The main online offering are Tournaments, functioning like seasons where your progress and rank rise along the way. I’ve had some of the best, most intense matches over potential tournament cup wins, sets and games being traded back and forth and coming down to the tiebreaker wire — and it’s in these moments that Mario Tennis Aces serves as one of the strongest competitive experiences I’ve had in a long time.

My biggest complaint with the game though isn’t over something new, but something lost from the older games: the variety of options available when setting up a match. There’s no way to adjust the number of sets in a match or games in a set, and there’s no easy way to outright pick your court (which also sets your ball speed and bounce). They’re confusing omissions from offline play, and ones I hope Nintendo fixes through an update soon.

Mario Tennis Aces stands as a return to form for the series’ gameplay, serving a new, top spin on the sport. There may be some faults with its modes and options, but that doesn’t make the meter-based tennis any less fun for local and online matches. It’s the perfect step forward for the series, even if it doesn’t manage to overtake all of its predecessors. With a single-player mode that doesn’t reach the heights of older entries and the omission of options that had been commonplace before, the worth of this one depends on how driven you are by planned, recurring tournaments. Given some updates and the same kind of content support seen in other Switch games, Aces has the potential to still become the smash hit its gameplay deserves.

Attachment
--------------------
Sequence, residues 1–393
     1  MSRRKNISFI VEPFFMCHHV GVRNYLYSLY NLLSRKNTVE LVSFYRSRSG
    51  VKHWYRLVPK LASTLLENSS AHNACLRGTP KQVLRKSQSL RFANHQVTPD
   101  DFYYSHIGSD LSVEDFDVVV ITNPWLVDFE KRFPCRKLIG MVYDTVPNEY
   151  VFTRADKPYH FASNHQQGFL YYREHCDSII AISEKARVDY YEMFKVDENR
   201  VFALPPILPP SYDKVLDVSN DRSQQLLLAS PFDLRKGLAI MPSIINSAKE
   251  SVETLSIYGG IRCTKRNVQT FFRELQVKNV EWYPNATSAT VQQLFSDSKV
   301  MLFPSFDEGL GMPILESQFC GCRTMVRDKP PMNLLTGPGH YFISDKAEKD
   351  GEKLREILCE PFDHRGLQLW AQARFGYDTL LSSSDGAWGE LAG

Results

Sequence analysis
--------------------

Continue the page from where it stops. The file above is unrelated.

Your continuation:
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  • Some of the finest tennis gameplay around starring Mario and friends
  • The new mechanics and meter take things in a new direction, building off the core gameplay and accentuating it
  • Regular online tournaments lead to tense championship matches
  • Adventure Mode something of a letdown, both from an RPG and story perspective, even when it manages to help teach the game
  • Lack of expected options for customizing matches definitely a step backward

System: Nintendo Switch

Release Date: June 22, 2018

Categories: Sports

Publisher: Nintendo

Developer: Camelot

Written by Ricky Berg

When he isn’t writing for Nintendo Wire, Ricky’s anticipating the next Kirby, Fire Emblem, or if the stars ever align, Mother 3 to be released. Till then he’ll have the warm comfort of Super Smash Bros. to keep him going.